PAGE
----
In 1949, Princeton University Press, published the Fifth Revised Printing, of the original 1943 history book “The Arabs: A Short History” by Professor Philip Khuri Hitti, Professor of Semitic Languages and Chairman of the Department of Oriental Languages at Princeton University. Credited with almost single handedly created the discipline of Arabic Studies in the United States, Hitti, born in Ottoman Syria (now modern day Lebanon), was the preeminent scholar of Islam and the Arab world of his day.
A proponent of the Arab cause against the Jews and Zionism, Hitti was the first Arab to testify against the Partition Plan at the 1946 Anglo-American Committee of Inquiry, where he took Ben-Gurion to task for his testimony about “Palestine” (referring to the Jews). Hitti declared: “There is no such thing as ‘Palestine’ in history, absolutely not.” And in fact, in the aforementioned “The Arabs: A Short History” there is no mention of whatsoever of an Arab “Palestinian People” even though the particular volume in this writer’s possession was printed in 1966. Despite its numerous revisions, including after the founding the 1948 founding of the State of Israel, Professor Philip K. Hitti, a world renowned spokesman for the Arab cause for many years, made no revision to include the now oft-mentioned Arab “Palestinian People” in later editions of his book on Arab history.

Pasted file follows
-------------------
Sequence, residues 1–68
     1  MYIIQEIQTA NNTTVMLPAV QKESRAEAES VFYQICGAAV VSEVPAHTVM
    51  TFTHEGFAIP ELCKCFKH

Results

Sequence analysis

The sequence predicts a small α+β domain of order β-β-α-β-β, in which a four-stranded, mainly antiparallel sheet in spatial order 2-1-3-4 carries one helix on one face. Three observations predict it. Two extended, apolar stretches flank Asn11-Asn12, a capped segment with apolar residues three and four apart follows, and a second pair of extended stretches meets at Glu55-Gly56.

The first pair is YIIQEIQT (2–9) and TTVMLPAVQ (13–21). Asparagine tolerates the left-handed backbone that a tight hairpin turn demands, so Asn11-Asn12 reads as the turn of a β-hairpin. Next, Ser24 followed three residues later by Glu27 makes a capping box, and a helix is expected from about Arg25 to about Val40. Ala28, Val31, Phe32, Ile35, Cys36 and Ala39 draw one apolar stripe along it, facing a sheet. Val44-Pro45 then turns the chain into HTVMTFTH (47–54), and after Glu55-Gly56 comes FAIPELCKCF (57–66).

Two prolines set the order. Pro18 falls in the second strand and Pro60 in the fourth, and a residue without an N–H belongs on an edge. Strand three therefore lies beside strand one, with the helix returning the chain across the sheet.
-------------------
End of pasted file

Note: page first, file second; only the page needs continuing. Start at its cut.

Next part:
And look who was inventing then:
In 1944 before a U. S. House committee, Hitti gave testimony in support of the view that there was no historical justification for a Jewish homeland in Palestine. His testimony was reprinted in the Princeton Herald. In response, Albert Einstein and his friend and colleague Erich Kahler jointly replied in the same newspaper with their counter-arguments. Hitti then published a response and Einstein and Kahler concluded the debate in the Princeton Herald with their second response
The Arab calling the Zionist black?